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About UhClem

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  1. Thanks! Good points. I think that spec'd endurance (e.g., 600 TBW for 860 EVO 1TB) won't be an issue, for all but extreme use cases. (For a data point, I used a 860 EVO 500GB in a DVR (DirecTV HR24) for the last year. It had ~8000 hours and ~30 TBW when I secure-erased it. Sadly, I didn't think to do any write-performance tests before the erase.) An "extreme use case" might be an array for multi HD security cameras [e.g. 4 feeds @ 10GB/hr each (24/7) =~ 350 TBW/year]. Note, though, that you need a near-server-level NVME to exceed 1 PBW rating (for 1 TB device). As you said, the NVME-for-parity does offer significant performance "head-room", such that it's write speed can degrade (as expected w/o trim) with no effect on array write speed. It also allows one to forego turbo mode, eliminating read-contention with the other (N-1) data SSDs [during array writes] ... and a few watts of juice.
  2. A question, please ... [I might be missing something, since I don't use Unraid.] : For an all-SSD array, wouldn't turbo-mode alleviate the parity-dominating aspect (with no detrimental side-effects)? ["good" SSDs (sata), and in decent "trim", will get write speeds very close to their read speeds, no?]
  3. 520-byte format Although this is more common on SAS drives, it is still a possibility on SATA drives. Beyond explicit disclosure by the re-seller, it could be indicated in a Model #. In many cases, but not all, there are tools available to re-format such drives. (It is not a common issue ... so ... just a heads-up)
  4. Yes. And, it is a drag to have to "re-buy" (different) cables. But, if it helps to rationalize/justify going with the 71605, note that you might get some added flexibility and/or future-proofing. The 71605 is a low-profile card (be sure to get the bracket you want/need); and it is PCIe Gen3, so it would likely suffice if you only gave it 4 (g3) lanes (=~ 12x275).
  5. Maybe the answer is "staring you in the face". See (currently) 3 threads below this one, same sub-forum. (LSI is not the only game in town ...)
  6. [ Assuming that: also means using a separate 8088 input connector [else there's a tiny chance that the (single?) 8088-IN is flaky] ] Then, I suspect that you might have a glitchy H810 controller. In either case, if you have a 8088=>4xSata breakout cable, you could "test" the H810 independent of the MD1200.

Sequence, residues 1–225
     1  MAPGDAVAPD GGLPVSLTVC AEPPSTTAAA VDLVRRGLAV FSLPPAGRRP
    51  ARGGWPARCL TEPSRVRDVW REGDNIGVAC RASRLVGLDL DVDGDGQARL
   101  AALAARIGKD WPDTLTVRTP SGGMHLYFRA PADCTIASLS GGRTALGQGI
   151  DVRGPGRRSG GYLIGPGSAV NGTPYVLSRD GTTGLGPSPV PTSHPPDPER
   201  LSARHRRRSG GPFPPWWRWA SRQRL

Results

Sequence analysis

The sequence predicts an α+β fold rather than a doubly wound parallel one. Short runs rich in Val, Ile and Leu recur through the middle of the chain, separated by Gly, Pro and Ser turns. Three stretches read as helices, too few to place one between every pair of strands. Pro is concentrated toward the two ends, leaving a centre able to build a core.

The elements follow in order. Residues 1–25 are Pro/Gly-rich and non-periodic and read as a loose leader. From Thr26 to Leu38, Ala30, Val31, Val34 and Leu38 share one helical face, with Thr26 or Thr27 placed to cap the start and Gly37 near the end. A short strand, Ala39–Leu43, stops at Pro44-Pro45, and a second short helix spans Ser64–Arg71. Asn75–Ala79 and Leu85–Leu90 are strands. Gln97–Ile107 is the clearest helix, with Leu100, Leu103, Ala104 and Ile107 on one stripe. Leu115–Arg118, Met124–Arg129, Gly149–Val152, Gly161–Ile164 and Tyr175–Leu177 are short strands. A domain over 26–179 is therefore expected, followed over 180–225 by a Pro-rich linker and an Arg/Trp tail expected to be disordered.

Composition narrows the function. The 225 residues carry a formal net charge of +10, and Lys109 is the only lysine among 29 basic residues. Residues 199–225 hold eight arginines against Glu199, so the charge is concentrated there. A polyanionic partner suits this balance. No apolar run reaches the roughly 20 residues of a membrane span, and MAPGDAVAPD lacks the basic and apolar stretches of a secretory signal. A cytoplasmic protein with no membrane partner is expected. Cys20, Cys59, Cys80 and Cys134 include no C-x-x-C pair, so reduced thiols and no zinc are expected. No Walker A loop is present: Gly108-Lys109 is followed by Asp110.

7. "Was that nine chips, or only eight? In all this excitement ..." -- Dirty Harry 😀
  8. Check locally for the Adaptec ASR-71605. PCIe 3.0 x8 6G SAS/SATA 16-port. Supported by Unraid. Handles throughput of at minimum 4500 MB/s (8 x 560 SSDs), and very likely ~6000. Found one on ebay.de for ~60eu. Link
  9. Sort of ... it shouldn't be used for one of the six array drives, since that would further divide the 650-700. But, it could/should be used for the cache drive; then it could only (slightly) impact mover operations, and only if TurboWrite was enabled. The (2-port?) add-in card would connect array drives 5 and 6. A "full-spec" PCIe x1 Gen2 card (e.g. ASM1061-based) , giving ~350 MB/sec, would not lower the "ceiling" of ~160 (for 4) on the mobo SATA. The only improvement would be that the cache SSD could operate at full (SataIII [~550]) speed, but that is moot, since, as your cache, it is inherently limited by your 1GbE network (on input) and your array (on output). Very little bang for the extra bucks, since you'd need a PCIe >=x2 card to handle >2 drives, and not lower the "ceiling". Here's a neat idea, if you really want to eliminate the speed bottleneck: (Assuming that your x16 slot is available,) Get a UNRAID-friendly LSI-based card (typically PCIe x8, at >= Gen2), and connect the built-in 4-bay Sata backplane to it. Note that the thick cable/connector (left of Sata-5), which connects that backplane to the mobo, is actually a Mini-SAS 8087. And can instead be connected to (one of the connections on) an add-in LSI card. That completely eliminates the bottleneck for SATA 1-4. "But, wait, there's more ..." Then you put a standard SAS-to-SATA breakout cable into the now-empty mobo connector and use 3 (of the 4) SATAs for drives 5 and 6, and your cache SSD. That gives you full SataIII for the SSD (FWIW) and you've still got SATA-5 and the eSata, plus "breakout #4", to play with for whatever. "But, wait ...." If you get a 4i4e card, you can (later) add 4+ more drives externally, and still no bottleneck! (Pretty neat, huh?) [Important, LSI card must have low-profile bracket.] I don't use UNRAID, so I can't be certain about the re-config issue. Once you've cleared that, I strongly encourage you to start with what you've already got. Not only will it give you time to think it all through, and find exactly the pieces that will serve you best, but it will give you an opportunity to assess your N40L's performance with current version of UNRAID. Then you can extrapolate from that initial CPU/throughput ratio to be sure that the CPU won't become a new/unexpected bottleneck if/when the throughput increases from 650 to 1000 (2-port card) or 1300+ (LSI).